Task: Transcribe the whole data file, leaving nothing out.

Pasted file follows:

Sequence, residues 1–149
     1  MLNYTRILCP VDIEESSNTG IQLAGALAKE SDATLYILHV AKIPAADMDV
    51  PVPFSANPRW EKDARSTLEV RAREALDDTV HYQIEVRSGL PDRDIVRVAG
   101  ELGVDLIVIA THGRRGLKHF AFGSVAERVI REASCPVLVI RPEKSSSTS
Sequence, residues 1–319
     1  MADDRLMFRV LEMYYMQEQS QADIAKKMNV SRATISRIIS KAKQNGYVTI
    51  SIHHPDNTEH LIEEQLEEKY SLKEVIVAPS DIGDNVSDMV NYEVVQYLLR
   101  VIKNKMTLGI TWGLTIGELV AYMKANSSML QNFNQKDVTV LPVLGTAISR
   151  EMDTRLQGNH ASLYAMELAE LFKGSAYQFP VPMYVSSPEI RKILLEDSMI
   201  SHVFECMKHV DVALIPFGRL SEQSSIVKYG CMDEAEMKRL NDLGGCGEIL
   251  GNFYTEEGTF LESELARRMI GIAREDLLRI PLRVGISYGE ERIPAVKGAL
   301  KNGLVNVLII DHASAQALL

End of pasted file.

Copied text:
Sequence, residues 1–149
     1  MLNYTRILCP VDIEESSNTG IQLAGALAKE SDATLYILHV AKIPAADMDV
    51  PVPFSANPRW EKDARSTLEV RAREALDDTV HYQIEVRSGL PDRDIVRVAG
   101  ELGVDLIVIA THGRRGLKHF AFGSVAERVI REASCPVLVI RPEKSSSTS
Sequence, residues 1–319
     1  MADDRLMFRV LEMYYMQEQS QADIAKKMNV SRATISRIIS KAKQNGYVTI
    51  SIHHPDNTEH LIEEQLEEKY SLKEVIVAPS DIGDNVSDMV NYEVVQYLLR
   101  VIKNKMTLGI TWGLTIGELV AYMKANSSML QNFNQKDVTV LPVLGTAISR
   151  EMDTRLQGNH ASLYAMELAE LFKGSAYQFP VPMYVSSPEI RKILLEDSMI
   201  SHVFECMKHV DVALIPFGRL SEQSSIVKYG CMDEAEMKRL NDLGGCGEIL
   251  GNFYTEEGTF LESELARRMI GIAREDLLRI PLRVGISYGE ERIPAVKGAL
   301  KNGLVNVLII DHASAQALL